Both the NHL and the NHLPA aren't scheduled to meet again before the September 15 deadline after talks were put on recess last Friday, but Gary Bettman will take a vote at an NHL Board of Governors meeting on September 13.
This vote will determine whether or not the owners are in favor of Bettman's proposal to lock out the players after September 15 if an agreement is not struck.
The last time the two sides met, each claimed the other orchestrated the recess, but at this point, it doesn't matter because it appears that the league is headed towards its third lockout under commissioner Gary Bettman's watch.
UPDATE: September 5,2012 12:39 PM
Larry Brooks of the New York Post provides this update that should also be taken into account in the context of what will be voted on at the September 13th meeting.
The Post has learned the NHL proposals feature a “management rights” clause under which the league would assume unilateral power over issues including realignment, scheduling and playoff format.
The union refused to give its assent last year to the league’s proposed realignment plan for 2012-13 that would have created a four-conference (division) format, with attendant changes in scheduling and playoff structure.
The NHL has proposed the union accept massive cuts in payrolls effective immediately, while the players have proposed reduced payroll growth accompanied by significant revenue-sharing targeting to the league’s neediest franchises.
The NHL just seems to be throwing everything at the NHLPA but the kitchen sink so when the two sides finally negotiate, it looks likes some concessions will have been made. Giving any one side unilateral control over something is never a good thing.
*End of Update
Tim Panaccio of CSNPhilly.com broke the story when NHL governors anonymously commented on the subject.
According to governors, who spoke anonymously with CSNPhilly.com, Bettman will outline where both sides are in the collective-bargaining process.
He will then ask them—via a vote—whether they are supportive of his strategy to lock the players out on Sept. 15 if there is no agreement on a new, long-term—not short-term—CBA.
Separately, two agents, who more or less represent the pulse of many players in the league, said both sides are preparing—and have been—for a lockout.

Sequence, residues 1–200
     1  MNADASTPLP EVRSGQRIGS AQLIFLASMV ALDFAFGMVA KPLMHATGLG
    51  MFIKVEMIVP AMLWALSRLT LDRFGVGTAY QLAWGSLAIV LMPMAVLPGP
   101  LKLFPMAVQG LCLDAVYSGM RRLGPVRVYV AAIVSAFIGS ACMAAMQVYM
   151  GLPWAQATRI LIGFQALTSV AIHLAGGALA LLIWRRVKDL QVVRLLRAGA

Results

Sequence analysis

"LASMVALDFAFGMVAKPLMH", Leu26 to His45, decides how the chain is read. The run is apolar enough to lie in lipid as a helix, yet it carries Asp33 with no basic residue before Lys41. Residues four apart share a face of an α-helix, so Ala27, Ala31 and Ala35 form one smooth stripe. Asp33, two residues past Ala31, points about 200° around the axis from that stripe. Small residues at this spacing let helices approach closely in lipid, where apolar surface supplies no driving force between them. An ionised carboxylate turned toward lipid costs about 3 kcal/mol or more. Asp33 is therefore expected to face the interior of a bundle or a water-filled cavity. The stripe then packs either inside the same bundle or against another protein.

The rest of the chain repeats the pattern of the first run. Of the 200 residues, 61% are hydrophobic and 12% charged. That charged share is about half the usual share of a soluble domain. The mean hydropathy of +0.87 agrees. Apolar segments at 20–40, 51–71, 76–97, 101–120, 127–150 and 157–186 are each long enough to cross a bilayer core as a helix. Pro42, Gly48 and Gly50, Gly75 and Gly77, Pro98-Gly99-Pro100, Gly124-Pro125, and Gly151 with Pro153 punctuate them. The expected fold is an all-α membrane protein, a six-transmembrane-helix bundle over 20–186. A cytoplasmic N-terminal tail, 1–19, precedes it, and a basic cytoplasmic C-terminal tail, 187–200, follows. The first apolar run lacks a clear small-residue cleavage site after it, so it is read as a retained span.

This is an interesting situation because it will be the first time that there will be a sense on how close the NHL is to making a deal. Bettman speaks for the owners, and it will really be informative to see what governors are in support of a lockout and what governors are still looking to make a deal.
Give or take a few names, here is the most comprehensive list of the NHL Board of Governors.
At this point, it appears the NHL is headed for a lockout, but once the results of this vote are out, the NHLPA may be able to gain some leverage if it's lopsided. If the majority of the governors—most of whom are team owners—are against a lockout, the NHLPA can turn the screws to the league in an attempt to get a deal done.
On the other side, if most governors are on the side of Bettman, another lockout is bound to happen.
The most recent proposal from the NHL would have the players sign a six-year collective bargaining agreement that knocks their cut of hockey-related revenue from 57 percent to 46 percent. The NHLPA wanted a four-year CBA, but their revenue cut would stay at 57 percent.
One of the next big sticking points is a salary-cap number, and according to Kevin Allen of USA Today, some progress needs to be made because the current proposal isn't a favorable one:
The NHL proposal calls for a fixed salary cap of $58 million next season and then caps of $60 million and $62 million. Under the plan, the league projected a fourth-year salary cap of $64.2 million, a fifth year at $67.6 million and the final season's cap of $71.1 million.
Last season's salary cap was $64.3 million, and the cap was projected to rise to $70.2 million in 2012-13.
The NHL is not asking for any rollback in current contracts, suggesting that the adjustment could be made through changes in contracting practices, increases in league-wide revenue and contributions to player escrow.
For starters, these figures would cripple a few teams heading into next summer, and it is a hypocritical proposal.
Gary Bettman has been firm in his stance, saying, "We believe we're paying out more than we should be," but how can he say that when he represents owners that signed players to massive paydays in free agency and contract extensions?
How can Bettman claim this when owners are handing out money to these players, but they now want a do-over and a reduction?
These are the facts that are currently facing the NHL and the NHLPA. With the only major meetings scheduled closer to the deadline, fans have a legitimate reason to be concerned. However, this tweet from Darren Dreger can give some peace of mind:
As ominous as things may seem, the real negotiating won't start for either the NHL or PA until or around Sept. 10.
—Darren Dreger (@DarrenDreger) August 31, 2012
As the days grow closer to the deadline, the sense of urgency for both sides will increase. September 5 is not the day to cave in and make concessions, but September 14 or 15 could be for either side.
There is more at stake now than there was during the 2004 lockout, and it is hard to believe that the NHL and NHLPA would risk the start of the season after another year of record-setting revenue.
A shortened season would certainly put a damper on things; it wouldn't allow an adequate buildup for the Winter Classic, and dates from the massive new TV contract with NBC could be missed or rearranged.
There is still time to get a deal done, but both sides need to negotiate in good faith in order for that to happen.